Friday, May 7, 2010

What I Did Last Summer - Part Two (Grand Teton and Yellowstone)

The Tetons are one of my favorite places on the planet. Teton Trip 2009 included a ride in eastern Idaho, west of both parks, which was until then unknown to me. The Teton Scenic Byway is shockingly beautiful, and has the added bonus of the Seed Potato Capitol of the World, Ashton, ID. Probably every french fry you've ever eaten began its life in this part of the world. This ride was unspeakably beautiful, and I sorely regret not having even one photo. The wind was so fierce that day that I was in danger of toppling over any time I stopped. So fumbling around in my tank bag whilst balancing on tippy toe was just not an option. I'm hoping for another go at it this summer, to include Mesa Falls Scenic Byway, which was under construction at the time. It's supposed to feature "two of the last undisturbed waterfalls of consequence in the US." Whatever that means. All I know is that I want to ride it.

Loaded up at the Tetons!

2009 was the summer of the Buffalo. 2008 it was Moose. What will 2010 bring?

Sunrise at the Jackson Lake Lodge

Peaceful little scenes like this can be overlooked when there are such majestic mountains all around.

I have a love-hate relationship with Yellowstone National Park. Construction delays are inevitable and interminable, crowds can be worse than the mall the Saturday before Christmas, and trying to escape the parking area of "Old Faithful" leaves me kicking myself for entering the park at all. But after one up close and personal big game sighting, or one peek at a steaming, vividly colored, prehistoric hot pool and all is forgiven. At the end of the day, I find myself regretfully passing through the park exit with a lump in my throat.

On this particular trip, I was reminded of both these extremes. I'm willing to bet that, if one is fit enough, an ideal way to see the park would be on bicycle. The stopping and starting to view the attractions (as fascinating as they are) can leave me glazed over in a car, and a bit frustrated on moto (gearing up and gearing "down" are time consuming and tedious). But these stops would be welcome respite over the course of, say, a 40 mile bicycle ride. Perhaps I'll put that on my "bucket list." One week of bicycling through Yellowstone. Until then I'll happily make do with my moto! A few pictures, admittedly from an earlier trip:

Lily pads on the Continental Divide! Who knew? Isa Lake at Craig's Pass.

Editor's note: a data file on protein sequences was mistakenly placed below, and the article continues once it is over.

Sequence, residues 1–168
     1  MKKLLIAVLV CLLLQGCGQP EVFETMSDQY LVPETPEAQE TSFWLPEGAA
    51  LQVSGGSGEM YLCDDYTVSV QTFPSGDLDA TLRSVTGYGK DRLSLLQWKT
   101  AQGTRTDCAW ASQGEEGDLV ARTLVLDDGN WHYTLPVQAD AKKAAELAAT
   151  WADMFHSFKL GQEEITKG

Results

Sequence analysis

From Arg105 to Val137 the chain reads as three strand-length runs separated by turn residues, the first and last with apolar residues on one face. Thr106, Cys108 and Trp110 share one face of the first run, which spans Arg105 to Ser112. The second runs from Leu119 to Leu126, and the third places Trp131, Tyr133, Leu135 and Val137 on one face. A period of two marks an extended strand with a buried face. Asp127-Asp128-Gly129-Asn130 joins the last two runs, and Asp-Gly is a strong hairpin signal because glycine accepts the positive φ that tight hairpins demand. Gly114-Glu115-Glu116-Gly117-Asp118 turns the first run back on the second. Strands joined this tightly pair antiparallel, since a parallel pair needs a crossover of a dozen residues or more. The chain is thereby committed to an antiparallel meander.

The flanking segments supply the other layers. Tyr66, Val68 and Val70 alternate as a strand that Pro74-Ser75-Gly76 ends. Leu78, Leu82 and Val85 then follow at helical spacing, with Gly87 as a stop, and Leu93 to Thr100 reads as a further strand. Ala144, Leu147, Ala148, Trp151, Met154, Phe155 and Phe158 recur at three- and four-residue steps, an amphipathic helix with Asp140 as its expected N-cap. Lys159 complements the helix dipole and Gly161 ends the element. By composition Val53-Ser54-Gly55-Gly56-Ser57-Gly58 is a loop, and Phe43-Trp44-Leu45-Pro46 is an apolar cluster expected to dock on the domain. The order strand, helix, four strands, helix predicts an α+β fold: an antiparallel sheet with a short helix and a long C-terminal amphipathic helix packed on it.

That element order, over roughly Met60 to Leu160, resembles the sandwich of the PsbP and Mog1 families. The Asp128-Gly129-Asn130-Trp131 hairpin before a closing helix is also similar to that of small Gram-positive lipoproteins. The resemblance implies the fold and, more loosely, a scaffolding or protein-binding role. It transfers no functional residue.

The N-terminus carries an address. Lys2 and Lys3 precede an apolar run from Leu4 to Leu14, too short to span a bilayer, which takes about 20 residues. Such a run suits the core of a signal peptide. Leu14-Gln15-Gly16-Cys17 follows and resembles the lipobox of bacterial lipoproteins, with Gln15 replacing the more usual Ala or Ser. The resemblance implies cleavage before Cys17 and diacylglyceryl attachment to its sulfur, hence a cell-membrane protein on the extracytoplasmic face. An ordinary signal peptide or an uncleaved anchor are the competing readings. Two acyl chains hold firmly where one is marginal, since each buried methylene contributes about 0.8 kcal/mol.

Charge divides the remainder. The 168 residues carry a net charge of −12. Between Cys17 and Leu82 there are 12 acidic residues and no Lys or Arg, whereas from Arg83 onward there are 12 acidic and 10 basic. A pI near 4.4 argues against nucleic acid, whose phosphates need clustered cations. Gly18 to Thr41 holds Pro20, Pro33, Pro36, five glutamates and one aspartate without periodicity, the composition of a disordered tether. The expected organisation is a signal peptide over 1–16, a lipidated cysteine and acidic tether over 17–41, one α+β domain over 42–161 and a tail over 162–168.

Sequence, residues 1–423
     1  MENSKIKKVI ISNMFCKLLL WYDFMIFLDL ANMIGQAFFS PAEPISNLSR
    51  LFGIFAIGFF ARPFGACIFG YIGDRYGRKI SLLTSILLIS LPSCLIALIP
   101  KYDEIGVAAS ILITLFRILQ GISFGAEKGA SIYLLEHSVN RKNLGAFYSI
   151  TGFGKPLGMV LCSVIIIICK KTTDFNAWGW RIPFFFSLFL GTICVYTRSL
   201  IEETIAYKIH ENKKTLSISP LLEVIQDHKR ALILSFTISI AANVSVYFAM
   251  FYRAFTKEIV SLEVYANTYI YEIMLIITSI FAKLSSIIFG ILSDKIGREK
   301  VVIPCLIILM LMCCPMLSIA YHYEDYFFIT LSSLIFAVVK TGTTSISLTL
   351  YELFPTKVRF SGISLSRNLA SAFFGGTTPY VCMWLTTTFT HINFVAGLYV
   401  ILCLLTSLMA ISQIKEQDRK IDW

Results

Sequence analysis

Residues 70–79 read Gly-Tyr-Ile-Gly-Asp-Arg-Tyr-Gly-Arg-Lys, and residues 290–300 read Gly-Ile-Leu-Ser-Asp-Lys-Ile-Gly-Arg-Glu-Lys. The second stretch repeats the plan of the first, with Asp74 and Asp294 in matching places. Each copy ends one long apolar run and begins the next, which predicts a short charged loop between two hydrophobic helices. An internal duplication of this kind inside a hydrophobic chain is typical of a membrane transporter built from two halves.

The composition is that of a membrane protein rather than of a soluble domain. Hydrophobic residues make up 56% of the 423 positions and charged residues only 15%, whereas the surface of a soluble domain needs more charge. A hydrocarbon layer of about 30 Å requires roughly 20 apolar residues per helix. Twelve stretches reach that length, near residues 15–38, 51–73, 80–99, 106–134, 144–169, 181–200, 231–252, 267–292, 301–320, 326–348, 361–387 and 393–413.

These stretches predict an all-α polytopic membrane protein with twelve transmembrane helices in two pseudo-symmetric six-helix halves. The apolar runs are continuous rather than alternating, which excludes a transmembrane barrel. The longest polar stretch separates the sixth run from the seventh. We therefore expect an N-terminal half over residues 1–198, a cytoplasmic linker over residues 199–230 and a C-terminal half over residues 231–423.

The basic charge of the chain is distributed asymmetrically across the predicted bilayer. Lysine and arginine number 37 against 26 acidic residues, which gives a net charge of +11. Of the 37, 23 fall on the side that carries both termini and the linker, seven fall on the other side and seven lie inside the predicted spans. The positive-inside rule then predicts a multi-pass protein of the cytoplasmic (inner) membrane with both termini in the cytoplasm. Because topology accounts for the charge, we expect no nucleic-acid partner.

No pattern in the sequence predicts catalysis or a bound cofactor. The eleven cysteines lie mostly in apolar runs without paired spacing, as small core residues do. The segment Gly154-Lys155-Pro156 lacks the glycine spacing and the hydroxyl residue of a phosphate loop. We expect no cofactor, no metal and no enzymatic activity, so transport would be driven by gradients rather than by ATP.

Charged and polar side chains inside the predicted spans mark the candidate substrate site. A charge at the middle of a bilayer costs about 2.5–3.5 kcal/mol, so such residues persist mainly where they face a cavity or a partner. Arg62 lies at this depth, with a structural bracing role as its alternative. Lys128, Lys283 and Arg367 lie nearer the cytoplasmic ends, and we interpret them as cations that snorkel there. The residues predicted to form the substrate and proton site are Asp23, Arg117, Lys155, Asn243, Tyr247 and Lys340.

Canary Springs at Mammoth Hot Springs.

Sapphire Pool at Biscuit Basin

I got to meet my greatest fear on my way home. US 89 was being chip sealed, and was, at the moment I was riding back to UT, a nice bed of deep, loose, and terrifying gravel. I'm downright phobic about setting foot (or tire, I should say) on anything other than terra firma asphalt. Fly along at double the speed limit and I'm hardly breaking a sweat. Set me in front of 20 yards of unpaved road and my heart pounds in terror. If I had to choose between riding a motorcycle across a few yards of gravel road, and jumping out of an airplane using a parachute packed by a three year old, I really would have a tough time picking the lesser evil. Even though riding "off-road" can be tricky, and deep gravel is one of the most difficult surfaces to deal with, the stakes are not very high. Dropping one's bike in such a situation has all the drama of a toddler tipping over a tricycle from a dead stop. Pretty benign and hardly exciting. The only difference is that every inch of the motorcyclist (me) is covered in safety gear designed, tested and certified to high standards to protect the rider in the event of a serious crash. Fear is not always rational, I guess. I'm happy to report I successfully navigated many miles of my personal nemesis, although I think I was emotionally scarred by it.

I was rewarded for my trials by having Logan Canyon completely to myself on the final part of my journey. Forty miles of thrilling sporty goodness! Just as I rounded the corner towards my apartment complex, what did I find? A torn up street covered in gravel! This time I was able to go around most of it. Hah!

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